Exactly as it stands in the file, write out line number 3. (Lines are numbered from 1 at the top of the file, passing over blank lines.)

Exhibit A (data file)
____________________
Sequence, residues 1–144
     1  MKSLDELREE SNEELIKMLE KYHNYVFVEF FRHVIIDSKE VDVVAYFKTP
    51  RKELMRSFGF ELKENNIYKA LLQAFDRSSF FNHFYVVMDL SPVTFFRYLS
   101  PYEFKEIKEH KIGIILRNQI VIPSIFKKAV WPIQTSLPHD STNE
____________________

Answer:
    51  RKELMRSFGF ELKENNIYKA LLQAFDRSSF FNHFYVVMDL SPVTFFRYLS